Medical Director at lamelle research laboratories, Dr Bradley Wagemaker, answers a few FAQs around serums.
1. What is the difference between a moisturiser and a serum?
While a moisturiser contains a whole host of ingredients to fulfill various functions in skin, a serum contains only that very specific active ingredient to produce only the particular results effectively. Thus, when it comes to addressing specific conditions, a moisturiser can never give you the dramatic results a serum can.
2. Where do serums fit into my regular skincare regimen?
A serum can be seen as a boosting agent – used for a period of time when your skin needs some extra help, for example, after a holiday in the sun, when you might have some hyperpigmentation and dryness.
3. How do I incorporate serums into my daily skincare programme?
A serum is a high concentration active ingredient that is usually applied before a moisturiser to clean the skin and allow maximum penetration. Serums are usually used for about four to eight weeks in the case of hyperpigmentation, but the time period will differ from one concern (such as sensitivity) to another (such as acne). Basically, you’ll use the serum for as long as your skin problem lasts.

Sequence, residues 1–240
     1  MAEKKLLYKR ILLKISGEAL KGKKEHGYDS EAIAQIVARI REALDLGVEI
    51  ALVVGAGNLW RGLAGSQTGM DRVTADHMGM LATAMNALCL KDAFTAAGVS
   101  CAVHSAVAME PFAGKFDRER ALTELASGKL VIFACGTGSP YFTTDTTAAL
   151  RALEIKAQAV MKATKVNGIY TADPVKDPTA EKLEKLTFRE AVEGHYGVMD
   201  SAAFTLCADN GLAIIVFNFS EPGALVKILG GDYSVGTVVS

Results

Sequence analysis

4. What makes one serum better than another?
Of course, the active ingredients in different serums will make them function differently, but it is the base (the compound that carries the active ingredient) that has a dramatic effect on how well the active ingredient is absorbed. If the base is not formulated correctly, the active ingredient will just sit on the surface of the skin, will not penetrate the skin, and will not be effective at all. Highly technologically advanced bases are key when it comes to the effectiveness of serums.
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